Sunday, March 18, 2007

Georgetown's Waterfront Freeway Corridor & Connections

Georgetown Waterfront, Glover-Archibold Park, and portion of Canal Road
Image produced by National Capital Planning Commission for the Washington Geographic Information System. Distributed by VARGIS LLC of Herndon, VA.
This consists of the Whitehurst Freeway along the downtown Georgetown waterfront to K Street, and its various proposed upgrades and extensions proposed to go to the north, northwest:, and west: aka, the Glover-Archibold Parkway, the George Washington Memorial Parkway (to Maryland's Clara Barton Parkway and the I-495 Capital Beltway); and the Three Sisters Bridge.

Generally, the focus is solely upon the Whitehurst, despite its short length and its disconnect with the freeway system symbolized by its northern ending in the vicinity of the staircase near Georgetown University famous to many people for its appearance in the1973 movie "The Exorcist."

The Whitehurst Freeway:

Built late 1940s, prior to the 1956 U.S. Interstate Highway Act, hence the Whitehurst is built to a lower standard of design relative to the later highways designed as interstates.

According to Steve Anderson's Whitehurst Freeway entry in D.C. Roads:
H.C. Whitehurst, who was director of the District Highway Department, conceived the skyway that eventually bore his name. He designed the K Street Skyway as the first piece of a long-range, district-wide plan to build freeways through Washington and its neighboring suburbs. Whitehurst, who was an early booster of the Interstate highway system as chairman of the American Road and Transportation Builders Association (ARTBA), died while the freeway was under construction. The Whitehurst Freeway was named for the former highway chief after his death.

The District awarded the construction contract to Archibald Alexander, a pioneering black engineer who worked his way up at Marsh Engineering on projects such as the Tidal Basin Bridge and seawall during the 1910's and 1920's. Alexander eventually founded his own firm specializing in bridge design and construction, which carried out the contract.

ALONG THE POTOMAC, WASHINGTON'S FIRST FREEWAY GOES UP: The Whitehurst Freeway was built to what were contemporary standards in the 1940's, but far short of Interstate standards. The four-lane freeway was built without shoulders and had a design speed of only 30 MPH. Exit ramps also were of substandard design. Because the freeway was to be built directly above K Street, very little demolition work was necessary. However, there was one notable exception - the home of Francis Scott Key, the author of the poem that became the Star-Spangled Banner - that was torn down for the western terminus of the freeway.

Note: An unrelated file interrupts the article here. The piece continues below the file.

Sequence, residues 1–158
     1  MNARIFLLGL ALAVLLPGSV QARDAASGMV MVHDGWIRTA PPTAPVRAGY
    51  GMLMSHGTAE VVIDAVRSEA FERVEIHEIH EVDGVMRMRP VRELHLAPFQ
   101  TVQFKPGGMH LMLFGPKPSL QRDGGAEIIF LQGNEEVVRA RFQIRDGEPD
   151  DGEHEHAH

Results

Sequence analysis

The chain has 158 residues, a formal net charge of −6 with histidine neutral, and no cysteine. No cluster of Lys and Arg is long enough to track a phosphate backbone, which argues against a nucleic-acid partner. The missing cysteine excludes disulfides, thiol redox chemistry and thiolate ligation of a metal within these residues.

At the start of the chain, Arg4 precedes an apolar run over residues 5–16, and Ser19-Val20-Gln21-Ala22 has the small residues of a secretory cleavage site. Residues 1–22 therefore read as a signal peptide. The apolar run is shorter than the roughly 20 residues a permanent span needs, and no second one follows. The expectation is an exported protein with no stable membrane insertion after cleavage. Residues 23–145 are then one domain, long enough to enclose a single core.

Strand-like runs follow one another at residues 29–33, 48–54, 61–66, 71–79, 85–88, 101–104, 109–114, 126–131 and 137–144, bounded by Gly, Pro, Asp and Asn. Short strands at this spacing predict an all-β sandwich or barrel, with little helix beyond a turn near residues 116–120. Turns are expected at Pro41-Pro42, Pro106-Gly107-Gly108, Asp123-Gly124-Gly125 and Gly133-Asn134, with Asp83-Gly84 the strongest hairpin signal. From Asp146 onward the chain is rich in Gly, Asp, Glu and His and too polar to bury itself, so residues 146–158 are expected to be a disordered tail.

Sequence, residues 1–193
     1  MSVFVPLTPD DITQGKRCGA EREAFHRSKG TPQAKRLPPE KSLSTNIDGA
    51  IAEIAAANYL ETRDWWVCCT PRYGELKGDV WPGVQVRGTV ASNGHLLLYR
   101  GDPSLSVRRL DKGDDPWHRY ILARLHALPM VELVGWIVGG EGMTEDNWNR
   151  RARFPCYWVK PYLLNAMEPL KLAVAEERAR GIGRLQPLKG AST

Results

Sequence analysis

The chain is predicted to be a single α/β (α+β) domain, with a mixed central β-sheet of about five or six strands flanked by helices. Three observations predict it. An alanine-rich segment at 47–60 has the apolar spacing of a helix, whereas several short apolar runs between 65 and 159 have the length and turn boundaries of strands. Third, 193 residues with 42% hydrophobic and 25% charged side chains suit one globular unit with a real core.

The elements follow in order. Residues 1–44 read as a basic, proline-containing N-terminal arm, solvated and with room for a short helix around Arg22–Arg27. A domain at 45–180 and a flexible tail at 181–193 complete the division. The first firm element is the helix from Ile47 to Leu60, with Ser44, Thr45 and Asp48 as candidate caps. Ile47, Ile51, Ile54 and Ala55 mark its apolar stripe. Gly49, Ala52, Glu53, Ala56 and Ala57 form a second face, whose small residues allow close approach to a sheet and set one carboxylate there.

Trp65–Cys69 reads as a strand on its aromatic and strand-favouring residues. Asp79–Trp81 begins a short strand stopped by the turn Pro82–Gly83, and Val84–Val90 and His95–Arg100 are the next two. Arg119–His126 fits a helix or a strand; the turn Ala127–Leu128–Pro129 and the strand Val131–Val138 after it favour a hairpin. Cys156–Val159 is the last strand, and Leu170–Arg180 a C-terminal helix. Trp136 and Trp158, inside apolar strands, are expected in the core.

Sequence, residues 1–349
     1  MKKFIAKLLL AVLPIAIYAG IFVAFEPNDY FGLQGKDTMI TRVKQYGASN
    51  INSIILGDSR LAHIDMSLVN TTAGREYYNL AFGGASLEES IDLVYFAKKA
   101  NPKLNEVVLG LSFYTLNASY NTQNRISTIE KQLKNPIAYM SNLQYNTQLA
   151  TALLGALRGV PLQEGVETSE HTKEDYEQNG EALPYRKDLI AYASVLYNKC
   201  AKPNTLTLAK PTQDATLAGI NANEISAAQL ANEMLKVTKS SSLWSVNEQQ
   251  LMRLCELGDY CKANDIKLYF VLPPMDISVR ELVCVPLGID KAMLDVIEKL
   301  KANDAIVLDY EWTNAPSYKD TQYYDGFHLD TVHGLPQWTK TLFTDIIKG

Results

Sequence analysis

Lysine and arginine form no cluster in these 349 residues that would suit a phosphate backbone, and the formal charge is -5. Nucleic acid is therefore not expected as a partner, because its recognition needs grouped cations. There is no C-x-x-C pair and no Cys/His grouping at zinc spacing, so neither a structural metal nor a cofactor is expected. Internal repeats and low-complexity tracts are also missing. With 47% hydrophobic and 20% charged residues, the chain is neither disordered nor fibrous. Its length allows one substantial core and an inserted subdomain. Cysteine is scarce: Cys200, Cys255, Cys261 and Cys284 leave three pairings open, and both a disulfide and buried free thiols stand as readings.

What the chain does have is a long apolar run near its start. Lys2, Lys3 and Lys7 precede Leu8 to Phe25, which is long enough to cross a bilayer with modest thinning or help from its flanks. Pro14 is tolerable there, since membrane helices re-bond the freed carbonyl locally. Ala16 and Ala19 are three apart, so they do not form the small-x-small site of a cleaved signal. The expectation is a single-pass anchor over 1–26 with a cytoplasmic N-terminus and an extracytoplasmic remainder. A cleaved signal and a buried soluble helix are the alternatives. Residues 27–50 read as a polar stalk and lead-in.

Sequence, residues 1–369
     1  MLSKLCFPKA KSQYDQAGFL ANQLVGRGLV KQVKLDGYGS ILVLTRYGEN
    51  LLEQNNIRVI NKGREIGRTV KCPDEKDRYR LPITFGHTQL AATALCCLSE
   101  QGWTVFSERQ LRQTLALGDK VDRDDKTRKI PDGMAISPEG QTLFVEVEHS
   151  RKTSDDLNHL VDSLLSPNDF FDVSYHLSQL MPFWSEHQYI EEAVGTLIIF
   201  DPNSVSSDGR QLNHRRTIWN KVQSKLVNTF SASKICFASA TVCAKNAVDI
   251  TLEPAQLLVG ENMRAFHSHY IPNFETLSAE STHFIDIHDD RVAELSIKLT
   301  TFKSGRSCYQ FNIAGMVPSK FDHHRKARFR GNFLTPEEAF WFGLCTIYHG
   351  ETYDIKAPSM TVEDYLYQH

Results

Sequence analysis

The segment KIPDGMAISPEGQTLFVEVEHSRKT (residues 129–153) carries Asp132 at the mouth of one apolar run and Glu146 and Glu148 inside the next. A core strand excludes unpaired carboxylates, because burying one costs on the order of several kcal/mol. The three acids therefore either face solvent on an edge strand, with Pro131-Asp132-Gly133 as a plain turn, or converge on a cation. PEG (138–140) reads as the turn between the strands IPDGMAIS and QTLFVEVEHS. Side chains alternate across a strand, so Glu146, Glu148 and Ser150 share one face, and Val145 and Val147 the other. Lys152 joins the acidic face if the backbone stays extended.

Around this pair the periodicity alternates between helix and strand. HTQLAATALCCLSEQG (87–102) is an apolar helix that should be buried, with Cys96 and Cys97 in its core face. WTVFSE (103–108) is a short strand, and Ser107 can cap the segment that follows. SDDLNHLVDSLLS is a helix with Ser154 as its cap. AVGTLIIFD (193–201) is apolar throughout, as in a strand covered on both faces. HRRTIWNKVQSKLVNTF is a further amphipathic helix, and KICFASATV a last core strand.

The corridor is subsequently considered to be upgraded and extended to interstate highway specifications in a number of studies, including the1957 North West Freeway study "A Report of the study on the location of Interstate U.S. Route 240 Washington, D.C. which considered 3 options of which a portion would utilize this corridor:

Route A: Palisades trolley alignment to Inner Loop via expanded elevated Whitehurst Freeway: 4.57 miles
Route A-2: variant of Route A Palisades trolley alignment with narrower footprint north of ChainBridge to Inner Loop via an expanded elevated Whitehurst Freeway: 4.57 miles
Route C: Wisconsin Avenue corridor to Glover Archbold Park to Inner Loop via expanded elevated Whitehurst Freeway: 5.65 miles
The subsequent 1959 North West Freeway proposal had a separate inland connection to the Inner Loop for I-70S to supplement a Glover Archibold Parkway: both if which were effectively canceled by 1962.

The Glover-Archibold Parkway

This appears in 1952, as a parkway that would not allow trucks.